Government targets are rarely not met, but that is likely to be the case for earlier plans to build 60 senior group homes by the year end.
The Straits Times reported last week that there are just 14 such homes to date. These are clusters of five to eight rental flats, each shared by two to three seniors. They allow those with little or no family support to live independently, in the community, instead of in institutions such as nursing homes.
Government plans can and have gone wrong in the past. While one may criticise the target for being overambitious - there were just two such homes in 2013 when it was set - it is more important for the authorities and the social service sector to learn from this experience.
Targets should still be set, and it is commendable that the Government set up these homes slowly and is now reviewing the initial target.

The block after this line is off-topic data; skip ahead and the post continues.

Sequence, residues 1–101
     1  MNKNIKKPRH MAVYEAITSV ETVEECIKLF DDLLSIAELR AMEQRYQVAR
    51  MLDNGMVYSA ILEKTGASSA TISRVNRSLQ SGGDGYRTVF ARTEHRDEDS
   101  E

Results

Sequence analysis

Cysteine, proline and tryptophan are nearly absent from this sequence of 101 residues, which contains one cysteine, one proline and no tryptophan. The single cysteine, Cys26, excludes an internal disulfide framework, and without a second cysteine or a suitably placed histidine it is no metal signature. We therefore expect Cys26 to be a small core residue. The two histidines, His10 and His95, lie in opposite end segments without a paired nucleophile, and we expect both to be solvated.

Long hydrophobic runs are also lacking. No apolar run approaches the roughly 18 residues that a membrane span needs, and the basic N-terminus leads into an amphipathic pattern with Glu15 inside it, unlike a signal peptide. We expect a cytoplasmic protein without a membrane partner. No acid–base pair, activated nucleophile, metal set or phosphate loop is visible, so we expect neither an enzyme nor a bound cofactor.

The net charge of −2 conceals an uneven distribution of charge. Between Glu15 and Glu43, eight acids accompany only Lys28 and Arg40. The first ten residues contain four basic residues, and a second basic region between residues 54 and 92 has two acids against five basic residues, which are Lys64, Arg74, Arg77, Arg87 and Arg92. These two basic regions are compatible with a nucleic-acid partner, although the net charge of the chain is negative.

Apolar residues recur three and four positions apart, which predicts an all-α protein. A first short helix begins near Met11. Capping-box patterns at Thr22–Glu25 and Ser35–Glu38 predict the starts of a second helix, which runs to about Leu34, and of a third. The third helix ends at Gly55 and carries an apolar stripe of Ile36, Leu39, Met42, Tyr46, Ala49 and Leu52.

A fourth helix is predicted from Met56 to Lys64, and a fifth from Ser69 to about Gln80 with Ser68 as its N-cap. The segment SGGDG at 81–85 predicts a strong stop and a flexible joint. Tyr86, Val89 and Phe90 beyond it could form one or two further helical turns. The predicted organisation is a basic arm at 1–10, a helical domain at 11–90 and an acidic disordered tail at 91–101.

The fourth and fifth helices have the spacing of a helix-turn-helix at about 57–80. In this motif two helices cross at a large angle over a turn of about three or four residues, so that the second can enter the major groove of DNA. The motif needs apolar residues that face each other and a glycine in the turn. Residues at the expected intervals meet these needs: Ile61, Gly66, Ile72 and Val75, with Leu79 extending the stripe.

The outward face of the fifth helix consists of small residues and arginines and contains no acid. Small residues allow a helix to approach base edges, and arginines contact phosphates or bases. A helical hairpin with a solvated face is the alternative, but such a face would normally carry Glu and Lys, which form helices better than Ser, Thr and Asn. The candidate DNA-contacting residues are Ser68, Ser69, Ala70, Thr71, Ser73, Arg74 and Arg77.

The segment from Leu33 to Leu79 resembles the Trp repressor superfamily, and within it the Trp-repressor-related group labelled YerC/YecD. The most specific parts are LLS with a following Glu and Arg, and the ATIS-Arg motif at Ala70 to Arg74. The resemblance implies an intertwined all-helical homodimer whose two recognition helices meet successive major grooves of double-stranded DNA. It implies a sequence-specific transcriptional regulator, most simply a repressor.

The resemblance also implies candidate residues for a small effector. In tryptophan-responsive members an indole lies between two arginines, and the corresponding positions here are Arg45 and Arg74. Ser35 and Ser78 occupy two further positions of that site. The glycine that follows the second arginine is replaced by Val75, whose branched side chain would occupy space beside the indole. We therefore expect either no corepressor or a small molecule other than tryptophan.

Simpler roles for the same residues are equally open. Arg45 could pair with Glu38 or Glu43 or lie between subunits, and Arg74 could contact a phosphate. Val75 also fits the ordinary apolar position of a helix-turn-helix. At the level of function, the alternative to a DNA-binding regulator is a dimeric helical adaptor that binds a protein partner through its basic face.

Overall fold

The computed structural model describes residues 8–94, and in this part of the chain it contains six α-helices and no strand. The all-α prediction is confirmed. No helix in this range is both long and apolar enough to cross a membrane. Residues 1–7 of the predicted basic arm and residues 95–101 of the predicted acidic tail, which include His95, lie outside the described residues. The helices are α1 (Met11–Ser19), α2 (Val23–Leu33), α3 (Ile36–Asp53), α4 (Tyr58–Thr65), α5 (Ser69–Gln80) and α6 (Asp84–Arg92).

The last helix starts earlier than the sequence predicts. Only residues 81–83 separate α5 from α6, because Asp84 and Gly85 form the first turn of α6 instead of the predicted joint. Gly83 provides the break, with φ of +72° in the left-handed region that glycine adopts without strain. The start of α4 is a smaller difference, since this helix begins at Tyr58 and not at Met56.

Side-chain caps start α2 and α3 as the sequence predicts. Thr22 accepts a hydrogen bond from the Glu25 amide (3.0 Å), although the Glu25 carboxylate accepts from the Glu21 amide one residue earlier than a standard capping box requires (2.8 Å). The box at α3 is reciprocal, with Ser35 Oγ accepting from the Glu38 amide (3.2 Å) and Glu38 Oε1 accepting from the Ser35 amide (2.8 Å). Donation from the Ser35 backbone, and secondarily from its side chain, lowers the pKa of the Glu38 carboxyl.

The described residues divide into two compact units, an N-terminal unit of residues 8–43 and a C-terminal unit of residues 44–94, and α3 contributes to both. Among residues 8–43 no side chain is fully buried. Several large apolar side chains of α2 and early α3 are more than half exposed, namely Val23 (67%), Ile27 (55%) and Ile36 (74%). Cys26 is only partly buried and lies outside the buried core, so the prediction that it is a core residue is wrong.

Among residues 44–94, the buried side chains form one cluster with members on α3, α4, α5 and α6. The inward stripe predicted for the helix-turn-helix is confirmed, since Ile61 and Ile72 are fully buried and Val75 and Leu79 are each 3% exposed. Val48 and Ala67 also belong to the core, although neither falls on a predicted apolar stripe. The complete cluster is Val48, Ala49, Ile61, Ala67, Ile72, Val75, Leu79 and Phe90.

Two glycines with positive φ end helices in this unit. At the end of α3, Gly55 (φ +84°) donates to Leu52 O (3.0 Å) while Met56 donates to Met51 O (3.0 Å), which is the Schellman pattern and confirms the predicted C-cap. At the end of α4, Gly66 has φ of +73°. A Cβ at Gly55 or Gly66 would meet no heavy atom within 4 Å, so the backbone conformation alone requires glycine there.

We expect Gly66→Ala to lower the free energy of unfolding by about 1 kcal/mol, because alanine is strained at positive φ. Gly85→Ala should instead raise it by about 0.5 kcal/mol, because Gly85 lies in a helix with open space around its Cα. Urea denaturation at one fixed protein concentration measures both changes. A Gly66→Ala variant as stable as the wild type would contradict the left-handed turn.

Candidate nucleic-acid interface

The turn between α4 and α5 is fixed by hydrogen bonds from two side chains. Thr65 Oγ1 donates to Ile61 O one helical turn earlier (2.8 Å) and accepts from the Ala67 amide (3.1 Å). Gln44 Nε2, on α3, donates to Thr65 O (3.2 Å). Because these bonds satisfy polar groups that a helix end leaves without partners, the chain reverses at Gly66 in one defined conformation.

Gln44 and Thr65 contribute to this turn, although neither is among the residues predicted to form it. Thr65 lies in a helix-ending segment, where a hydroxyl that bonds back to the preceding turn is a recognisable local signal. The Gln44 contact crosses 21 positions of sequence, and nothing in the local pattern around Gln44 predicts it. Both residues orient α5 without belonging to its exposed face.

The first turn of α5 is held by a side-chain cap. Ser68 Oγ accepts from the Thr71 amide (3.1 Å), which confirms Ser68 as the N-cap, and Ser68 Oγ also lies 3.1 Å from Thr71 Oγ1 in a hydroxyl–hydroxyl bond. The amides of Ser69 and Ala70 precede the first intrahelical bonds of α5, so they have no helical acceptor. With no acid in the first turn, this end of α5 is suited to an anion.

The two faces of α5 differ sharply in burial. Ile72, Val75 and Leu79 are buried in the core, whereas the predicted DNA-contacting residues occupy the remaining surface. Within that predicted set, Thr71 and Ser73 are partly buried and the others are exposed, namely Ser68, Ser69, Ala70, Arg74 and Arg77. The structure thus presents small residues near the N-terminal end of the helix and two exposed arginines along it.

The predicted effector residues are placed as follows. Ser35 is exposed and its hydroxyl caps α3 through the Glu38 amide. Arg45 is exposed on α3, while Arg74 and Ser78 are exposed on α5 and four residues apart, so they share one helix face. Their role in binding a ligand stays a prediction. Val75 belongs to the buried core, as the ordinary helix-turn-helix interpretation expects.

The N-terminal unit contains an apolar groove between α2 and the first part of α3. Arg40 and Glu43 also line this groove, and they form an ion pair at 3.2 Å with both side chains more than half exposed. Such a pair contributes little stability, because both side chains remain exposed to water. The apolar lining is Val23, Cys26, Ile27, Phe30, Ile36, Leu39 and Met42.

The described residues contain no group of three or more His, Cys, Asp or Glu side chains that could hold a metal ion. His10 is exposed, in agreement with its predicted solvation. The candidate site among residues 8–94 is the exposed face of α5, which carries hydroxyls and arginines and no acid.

To insist on building 60 homes would meet the target but miss the point if most of them are empty. Already, the existing homes have many empty flats. As of March, less than a fifth of the places were filled.
The Government had done some homework before deciding in 2013 to set up more senior group homes. It observed similar facilities in Britain and the Netherlands, before piloting two homes here in 2012, and those were said to be doing well.
But while the concept of allowing seniors to live in the community instead of in institutions is good, putting two to three frail seniors - and strangers - in a small rental flat has to be done more strategically to make the group home model work.
To have less unexpected outcomes, it would be wise to be cautious and consult more industry players when expanding social service pilot schemes, especially those involving relationships and daily living. Seniors often do not want to die alone, without anyone knowing, but they may like to spend time alone at home, having the TV to themselves.
A balance must be struck between encouraging seniors to offer mutual support to one another and allowing them to live independently.